Wednesday, April 22, 2015
Smart (Desperate?) Cities
When the last British governor of Hong Kong Chris Patten sat down with then Chinese Chairman Jiang Zemin a few years before the 1997 handover, he stressed the uniqueness of the British Crown Colony and the complexity of governing such a free-wheeling center of commerce. Rumor has it that the Chairman laughed at that statement, saying something like, “You think governing Hong Kong, with just under 5.7 million people, is complicated, you ought to try running a country with over a billion one hundred and fifty million people!” That was then. Today, Hong Kong has 7.3 million, and China, well, try 1.361 billion. Even as Singapore, Japan, most of Western Europe and even the United States face birthrates below replacement value, nations in Africa, Latin America and many other parts of Asia have Malthusian-explosive populations.
So you are running one of these population behemoths, running out of space, energy and natural resources, and you know for an absolute fact that there is no real prospect of ending such horrifically high birth rates, what do you do? Just looking at the urban population, forgetting about all those farm folks and other rural times, India is projecting that her cities alone will grow by 400 million by 2050… to a staggering 814 million by 2050. The total population, currently 1.28 billion people, is about to pass China as the most populated country on earth.
If you’ve ever been to any Indian city, especially places like Mumbai squeezed onto seven islands (no outside spread available), you will have experienced crowding, traffic, pollution, and few cows and carts along the way, like nothing you have ever seen anywhere else. Human beings are pressed into the smallest nooks of space, ramshackle urban lean-tos/corrugated metal roofs or just sleeping on the street where they can find space, next to some of the most expensive homes in the world. You stare, look around, and wonder where those 400 million future city slickers are going to fit. So, by the way, is the Indian government.
Enter the concept of ground-up, newly designed “smart cities.” “Ahead of his election last May, Prime Minister Narendra Modi promised 100 so-called smart cities by 2022 to help meet the rush… At a cost of about $1 trillion, according to estimates from consultants KPMG, the plan is also crucial to Modi's ambition of attracting investment while providing jobs for the million or more Indians who join the workforce every month.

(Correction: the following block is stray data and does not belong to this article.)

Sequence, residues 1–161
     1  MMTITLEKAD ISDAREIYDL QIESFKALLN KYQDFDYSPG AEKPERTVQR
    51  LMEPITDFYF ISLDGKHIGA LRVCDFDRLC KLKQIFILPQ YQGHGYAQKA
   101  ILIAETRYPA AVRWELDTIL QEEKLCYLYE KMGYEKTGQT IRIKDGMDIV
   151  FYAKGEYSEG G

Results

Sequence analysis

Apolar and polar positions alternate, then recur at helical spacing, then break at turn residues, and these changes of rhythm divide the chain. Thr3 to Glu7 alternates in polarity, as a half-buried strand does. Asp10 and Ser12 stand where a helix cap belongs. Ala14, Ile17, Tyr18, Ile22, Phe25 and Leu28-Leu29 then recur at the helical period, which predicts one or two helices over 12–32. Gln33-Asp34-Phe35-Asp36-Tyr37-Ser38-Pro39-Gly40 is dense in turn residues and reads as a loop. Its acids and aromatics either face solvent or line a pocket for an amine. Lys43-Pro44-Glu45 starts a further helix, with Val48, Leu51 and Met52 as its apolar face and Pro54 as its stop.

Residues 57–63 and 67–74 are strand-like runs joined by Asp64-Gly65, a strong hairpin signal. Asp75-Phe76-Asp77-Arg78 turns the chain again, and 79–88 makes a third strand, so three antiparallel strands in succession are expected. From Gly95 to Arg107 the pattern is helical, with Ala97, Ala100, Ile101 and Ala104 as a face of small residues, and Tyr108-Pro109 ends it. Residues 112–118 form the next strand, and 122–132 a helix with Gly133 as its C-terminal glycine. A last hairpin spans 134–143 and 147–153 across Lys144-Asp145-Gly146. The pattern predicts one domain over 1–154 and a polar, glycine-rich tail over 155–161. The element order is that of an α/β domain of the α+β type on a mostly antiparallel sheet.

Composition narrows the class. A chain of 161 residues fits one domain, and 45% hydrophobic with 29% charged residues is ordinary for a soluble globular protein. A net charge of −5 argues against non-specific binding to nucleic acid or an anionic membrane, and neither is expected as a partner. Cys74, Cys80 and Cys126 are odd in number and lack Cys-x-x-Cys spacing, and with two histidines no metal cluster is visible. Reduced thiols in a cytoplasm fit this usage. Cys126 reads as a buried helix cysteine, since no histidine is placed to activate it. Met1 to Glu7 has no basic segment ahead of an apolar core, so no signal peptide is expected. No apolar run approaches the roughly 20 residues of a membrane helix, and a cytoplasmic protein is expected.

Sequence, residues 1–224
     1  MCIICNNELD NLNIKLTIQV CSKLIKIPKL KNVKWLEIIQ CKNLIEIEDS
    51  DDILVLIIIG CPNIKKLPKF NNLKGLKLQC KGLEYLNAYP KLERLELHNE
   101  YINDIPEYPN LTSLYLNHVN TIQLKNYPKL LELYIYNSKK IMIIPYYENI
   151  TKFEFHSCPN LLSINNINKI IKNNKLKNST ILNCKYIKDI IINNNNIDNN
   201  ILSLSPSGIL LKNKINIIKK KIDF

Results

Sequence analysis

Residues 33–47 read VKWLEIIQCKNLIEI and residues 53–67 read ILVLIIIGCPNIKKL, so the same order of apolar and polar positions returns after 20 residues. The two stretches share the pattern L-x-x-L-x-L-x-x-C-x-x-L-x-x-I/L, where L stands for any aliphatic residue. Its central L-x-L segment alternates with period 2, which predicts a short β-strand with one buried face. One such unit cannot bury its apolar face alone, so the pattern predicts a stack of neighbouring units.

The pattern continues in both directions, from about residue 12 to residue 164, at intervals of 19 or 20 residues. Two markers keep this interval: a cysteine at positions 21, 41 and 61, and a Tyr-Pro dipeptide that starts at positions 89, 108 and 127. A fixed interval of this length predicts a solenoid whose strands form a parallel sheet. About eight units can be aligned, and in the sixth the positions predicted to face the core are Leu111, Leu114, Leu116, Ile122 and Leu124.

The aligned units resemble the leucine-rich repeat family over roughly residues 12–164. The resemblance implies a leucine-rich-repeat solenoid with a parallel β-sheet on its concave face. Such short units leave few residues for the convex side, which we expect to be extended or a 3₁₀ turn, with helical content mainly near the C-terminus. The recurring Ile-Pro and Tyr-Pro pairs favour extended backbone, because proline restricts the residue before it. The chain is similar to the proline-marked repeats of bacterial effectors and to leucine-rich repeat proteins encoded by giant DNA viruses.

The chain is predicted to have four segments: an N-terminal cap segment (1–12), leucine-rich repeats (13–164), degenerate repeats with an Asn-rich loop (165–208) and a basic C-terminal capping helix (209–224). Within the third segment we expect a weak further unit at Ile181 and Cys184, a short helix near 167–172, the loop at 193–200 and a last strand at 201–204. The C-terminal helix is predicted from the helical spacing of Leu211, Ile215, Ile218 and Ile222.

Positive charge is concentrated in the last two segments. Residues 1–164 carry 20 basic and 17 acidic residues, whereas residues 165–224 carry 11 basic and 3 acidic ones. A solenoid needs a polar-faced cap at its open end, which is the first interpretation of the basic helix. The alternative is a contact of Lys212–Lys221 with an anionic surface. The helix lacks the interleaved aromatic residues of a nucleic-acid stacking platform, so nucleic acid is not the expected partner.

“His grand scheme, still a nebulous concept involving quality communications and infrastructure, is beginning to take shape outside Gandhinagar, capital of the state of Gujarat, with the first ‘smart’ city the government hopes will provide a model for India's urban future.
“‘Most (Indian) cities have not been planned in an integrated way,’ said Jagan Shah, director of the National Institute of Urban Affairs which is helping the government set guidelines for the new developments… Among the challenges to getting new cities built or existing cities transformed is the lack of experts who can make such huge projects work and attracting private finance.” Reuters, April 14th. What an understatement!
I remember being invited to one of the most expensive homes in the Malibu of Mumbai, Juhu (pronounced joo-hoo). Hours later, having been driven the 9 miles to this marble palace from the center of the city, we drove past the adjacent open sewers and flimsy squatters’ huts, we approached a massive gate with a rifle-bearing armed guard who stood to salute us and signaled the gate to open. Yards from the open sewer flowing with human feces was this extraordinarily opulent castle that at the time must have been worth tens of millions of dollars.
So exactly, what is a “smart city”? “India's push to accommodate a booming urban population and attract investment rests in large part with dozens of ‘smart’ cities like the one being built on the dusty banks of the Sabarmati river in western India…So far, it boasts modern underground infrastructure, two office blocks and not much else… The plan, however, is for a meticulously planned metropolis complete with gleaming towers, drinking water on tap, automated waste collection and a dedicated power supply - luxuries to many Indians.” Reuters. 100 of these suckers? Really? Why exactly are people going to move there? Jobs? Huh? Housing? Jobs? Cool infrastructure? Jobs?
I am instantly reminded of those ultra-modern cities all over China, built on new land (taken from former “little residents” in favor of big municipal governments with urban growth on their minds). I am picturing modern building after building, street after street, empty… void of people or businesses, a wasteland of excess capacity that no one is willing to fill. See the picture above? “In 2003, Ordos [Inner Mongolia in Northern China] officials started the planning a new 1 million person city district. Thanks to a $161 billion investment in 2010, the ‘Dubai of Northern China’ has the capacity for 300,000 people — but only 20,000-30,000 residents. It isn't a ghost town due to economic issues — the government simply can't convince people to move there.” i09.com, September 2, 2013. And there are dozens and dozens of such developments all over China.
You can get to thinking, well, that’s a tough problem, but it ain’t our business! But the strain on global resources, the inability to contain pollution (which doesn’t understand international boundaries), the rising anger of impoverished citizens living in their own vision of hell and the competition from even cheaper labor are all factors that will have a bad habit of migrating across seas and oceans and impacting those craving isolationism right here in the good old USA. So we better be part of the solutions or we will definitely be a part of the consequences.
I’m Peter Dekom, and it’s becoming very strange how interrelated we have all become… and believe somehow that we are not.